The 4 Essentials of Risk Enablement
The Risk Enablement Process
Expression of a preference or preferences from a range of options. Choice enables people to have control over their own life.
The conditions that can affect an outcome. For example, these can include things like: cost, catering, weather, scheduling, social, physical (e.g., crowds at an event). When thinking about the process of risk enablement, context is important to consider as these factors need to be included in your planning.
Values and beliefs that guide the way people think, act and talk. In disability policy and disability support work, the core values are that people with cognitive disabilities are valued and equal members of our society.
When people are not doing anything, are bored, or isolated they are disengaged. When people with cognitive disabilities are disengaged, it is not through their own choice, but because the assistance they need to participate in activities is unavailable. When a person is disengaged they may pace around, or engage in various types of self-stimulatory or challenging behaviours.
To put others in a position of power by supporting them in the things they want to do. In disability support work, it relates to supporting a person with cognitive disability to have more control over their own lives, such as supporting them to engage in activities involving risk.
To make something possible. In disability support work, it relates to supporting people with cognitive disabilities in a way that that creates an opportunity for them to undertake something, like an activity of their choosing.
Participating in some form of meaningful activity or in social interaction. This can range from household tasks, hobbies, leisure pursuits, exercise, social activities or social relationships. Engagement is the means to social and physical well-being and enriches anyone’s life. Supporting people to be engaged is a key principle of working with people with cognitive disabilities who often need support to initiate or participate in activities.
Ensuring everyone has the same opportunities to participate in community life and to take their place in society as respected citizens. Key aspects of inclusion are: social relationships, participation in education, employment, family, and having a say about the decisions that affect your life and the community you live in.
Doing things for yourself, making your own decisions about how you live. Most people are not fully independent and rely on others for advice, or assistance. We call this interdependence. People with cognitive disabilities need more help than other people to do things they want to do. It is important not to give too much help or support as this makes people too dependent on others and can take away their choice and control.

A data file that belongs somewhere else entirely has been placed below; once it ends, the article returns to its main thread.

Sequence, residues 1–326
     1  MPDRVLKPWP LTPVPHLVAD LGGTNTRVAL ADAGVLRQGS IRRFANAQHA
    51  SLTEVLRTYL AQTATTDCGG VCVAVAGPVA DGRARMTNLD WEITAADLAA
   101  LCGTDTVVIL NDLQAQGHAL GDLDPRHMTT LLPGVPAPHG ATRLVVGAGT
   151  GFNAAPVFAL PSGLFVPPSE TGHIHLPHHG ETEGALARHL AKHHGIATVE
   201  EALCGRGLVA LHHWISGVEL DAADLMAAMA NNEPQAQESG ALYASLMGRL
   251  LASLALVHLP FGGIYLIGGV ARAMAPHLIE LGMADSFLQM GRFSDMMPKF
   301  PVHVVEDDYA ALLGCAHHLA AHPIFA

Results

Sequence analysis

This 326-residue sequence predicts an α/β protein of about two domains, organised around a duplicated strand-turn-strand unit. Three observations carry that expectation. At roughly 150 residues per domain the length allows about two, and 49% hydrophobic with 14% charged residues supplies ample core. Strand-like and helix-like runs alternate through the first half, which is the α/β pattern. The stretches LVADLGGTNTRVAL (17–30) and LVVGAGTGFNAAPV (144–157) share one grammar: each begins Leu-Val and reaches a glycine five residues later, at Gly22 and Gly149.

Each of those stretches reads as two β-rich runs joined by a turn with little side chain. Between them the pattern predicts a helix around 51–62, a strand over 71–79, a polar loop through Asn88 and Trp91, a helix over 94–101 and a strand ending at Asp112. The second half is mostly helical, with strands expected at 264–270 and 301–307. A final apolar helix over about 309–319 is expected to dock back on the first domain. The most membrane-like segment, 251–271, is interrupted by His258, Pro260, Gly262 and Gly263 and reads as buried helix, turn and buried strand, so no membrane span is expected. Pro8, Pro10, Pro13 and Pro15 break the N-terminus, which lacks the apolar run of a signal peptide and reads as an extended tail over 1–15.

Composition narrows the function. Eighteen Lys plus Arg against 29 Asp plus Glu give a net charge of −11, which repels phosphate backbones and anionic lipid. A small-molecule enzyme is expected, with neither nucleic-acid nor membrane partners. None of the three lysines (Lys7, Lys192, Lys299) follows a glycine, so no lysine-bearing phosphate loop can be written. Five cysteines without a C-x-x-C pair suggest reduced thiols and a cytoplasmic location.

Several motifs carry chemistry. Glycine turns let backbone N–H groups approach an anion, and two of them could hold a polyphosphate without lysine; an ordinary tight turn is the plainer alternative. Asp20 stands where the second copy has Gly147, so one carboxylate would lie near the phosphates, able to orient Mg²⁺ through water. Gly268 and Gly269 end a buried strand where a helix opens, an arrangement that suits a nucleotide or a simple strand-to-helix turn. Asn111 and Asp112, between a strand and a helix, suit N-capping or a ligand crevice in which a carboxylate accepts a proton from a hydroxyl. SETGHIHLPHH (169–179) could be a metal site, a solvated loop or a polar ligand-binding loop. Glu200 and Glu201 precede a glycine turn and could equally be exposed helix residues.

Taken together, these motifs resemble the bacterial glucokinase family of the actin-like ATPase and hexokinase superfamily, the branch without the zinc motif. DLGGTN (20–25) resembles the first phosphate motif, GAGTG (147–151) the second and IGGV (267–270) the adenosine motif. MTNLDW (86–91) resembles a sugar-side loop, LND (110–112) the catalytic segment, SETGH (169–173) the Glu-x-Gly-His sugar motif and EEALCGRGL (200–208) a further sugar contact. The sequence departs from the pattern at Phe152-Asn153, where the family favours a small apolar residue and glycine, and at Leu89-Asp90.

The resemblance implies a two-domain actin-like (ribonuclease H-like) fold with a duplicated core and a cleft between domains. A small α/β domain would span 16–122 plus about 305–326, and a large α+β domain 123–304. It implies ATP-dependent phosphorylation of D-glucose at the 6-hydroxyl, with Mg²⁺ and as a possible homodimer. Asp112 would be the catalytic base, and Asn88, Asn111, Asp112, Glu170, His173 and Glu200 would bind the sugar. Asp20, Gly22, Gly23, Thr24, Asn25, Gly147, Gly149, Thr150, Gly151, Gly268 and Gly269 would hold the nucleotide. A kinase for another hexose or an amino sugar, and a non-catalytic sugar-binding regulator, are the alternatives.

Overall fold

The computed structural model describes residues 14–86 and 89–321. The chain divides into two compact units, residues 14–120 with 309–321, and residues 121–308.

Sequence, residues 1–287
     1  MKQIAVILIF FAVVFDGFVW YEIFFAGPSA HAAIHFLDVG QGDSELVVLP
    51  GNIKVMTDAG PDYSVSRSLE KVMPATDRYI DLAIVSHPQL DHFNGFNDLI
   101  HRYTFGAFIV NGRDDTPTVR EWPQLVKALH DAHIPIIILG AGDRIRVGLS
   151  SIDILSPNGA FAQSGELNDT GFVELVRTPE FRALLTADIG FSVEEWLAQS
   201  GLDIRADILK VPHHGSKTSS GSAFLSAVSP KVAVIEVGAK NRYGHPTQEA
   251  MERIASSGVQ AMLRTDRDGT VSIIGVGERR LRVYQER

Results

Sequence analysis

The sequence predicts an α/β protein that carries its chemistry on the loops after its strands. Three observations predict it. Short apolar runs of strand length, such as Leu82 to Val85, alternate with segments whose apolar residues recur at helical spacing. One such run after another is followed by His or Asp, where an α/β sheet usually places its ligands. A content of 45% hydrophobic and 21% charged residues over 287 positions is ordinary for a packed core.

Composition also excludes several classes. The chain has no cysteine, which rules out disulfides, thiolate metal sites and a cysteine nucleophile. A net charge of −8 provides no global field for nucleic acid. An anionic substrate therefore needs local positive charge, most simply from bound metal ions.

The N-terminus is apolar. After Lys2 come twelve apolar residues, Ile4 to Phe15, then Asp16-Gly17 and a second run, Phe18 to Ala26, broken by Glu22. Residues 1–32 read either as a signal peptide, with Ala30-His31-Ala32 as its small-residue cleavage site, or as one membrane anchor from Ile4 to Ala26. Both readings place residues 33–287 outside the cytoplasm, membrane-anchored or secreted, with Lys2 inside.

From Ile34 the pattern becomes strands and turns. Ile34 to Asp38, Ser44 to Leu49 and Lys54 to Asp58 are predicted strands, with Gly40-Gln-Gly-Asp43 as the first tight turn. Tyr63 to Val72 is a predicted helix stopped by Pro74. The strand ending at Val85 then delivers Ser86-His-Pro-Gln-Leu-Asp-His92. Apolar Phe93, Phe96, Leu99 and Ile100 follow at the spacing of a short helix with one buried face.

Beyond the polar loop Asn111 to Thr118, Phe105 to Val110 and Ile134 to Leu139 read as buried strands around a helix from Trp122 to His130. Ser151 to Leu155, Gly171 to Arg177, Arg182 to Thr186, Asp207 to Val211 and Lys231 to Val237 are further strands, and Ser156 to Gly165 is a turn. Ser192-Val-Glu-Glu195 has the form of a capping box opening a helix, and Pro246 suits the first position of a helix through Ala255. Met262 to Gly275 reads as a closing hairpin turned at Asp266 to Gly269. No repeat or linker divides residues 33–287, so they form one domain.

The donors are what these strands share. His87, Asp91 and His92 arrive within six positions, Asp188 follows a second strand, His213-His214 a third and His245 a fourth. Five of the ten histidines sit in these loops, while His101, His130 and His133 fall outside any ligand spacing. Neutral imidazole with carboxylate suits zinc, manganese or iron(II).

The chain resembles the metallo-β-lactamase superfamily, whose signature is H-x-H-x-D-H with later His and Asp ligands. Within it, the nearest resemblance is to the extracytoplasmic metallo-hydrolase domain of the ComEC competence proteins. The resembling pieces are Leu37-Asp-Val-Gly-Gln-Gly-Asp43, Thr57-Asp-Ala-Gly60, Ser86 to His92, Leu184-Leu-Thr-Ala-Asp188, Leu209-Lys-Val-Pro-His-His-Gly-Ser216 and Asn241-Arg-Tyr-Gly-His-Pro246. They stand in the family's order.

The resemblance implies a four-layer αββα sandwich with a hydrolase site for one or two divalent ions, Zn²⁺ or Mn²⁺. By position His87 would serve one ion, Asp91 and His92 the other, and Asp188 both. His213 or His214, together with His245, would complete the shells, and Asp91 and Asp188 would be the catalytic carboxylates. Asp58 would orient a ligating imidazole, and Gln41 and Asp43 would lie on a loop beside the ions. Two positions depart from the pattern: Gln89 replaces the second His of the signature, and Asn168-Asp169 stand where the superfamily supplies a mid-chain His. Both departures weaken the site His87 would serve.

To live a life with purpose, that is satisfying and fulfilling. The person is engaged, they feel a sense of belonging and they are valued.
In disability support work, this refers to the restrictions that staff and/or families have on decision-making opportunities for the person being supported. These restrictions that are imposed on the person may not actually be what the person wants, but they are thought to be what is best for them. Paternalism can get in the way of enabling risk.
‘Supporting individuals to live as independently as possible, have choice and control over the services they use and access to both wider public and community services and employment and education. Rather than fitting people to services, services should fit the person’ (SCIE, 2010, p 5). It has three core elements:
A person who is either a direct line manager or in a specialist position and is a skilled practitioner whose role is to support and guide the practice of support workers. Being a practice leader involves: supervising staff, leading team meetings, coaching support workers, modelling good practice, and planning shifts for support workers so they know where and with whom they will be working. A practice leader aims to ensure that everything that happens in a disability support service is focussed on supporting people with disabilities to have the best possible quality of life.
In disability support work, this means to create an opportunity for someone you support, to help to make something happen that is of their choosing. It is about knowing what a person wants and then making it happen.
A person's choice(s). So they have control over their own life.
To avoid or be hesitant to take risks.
These are the essential items that need to be considered when assisting a person with cognitive disability to take risks.
The entire process to use when enabling a person with cognitive disability to take risks. The process starts with the person, then attention is given to The 4 Essentials of Risk Enablement all at once. The attention given to each might vary, depending upon the type of risk. This all happens while ensuring the following things are included in the process: working together, taking account of context, planning, accountability.
This glossary has been adapted from the resource: Greystanes Disability Services, La Trobe University. (2015). Every Moment has Potential – An introduction to person centred active support. Retrieved from http://www.activesupportresource.net.au
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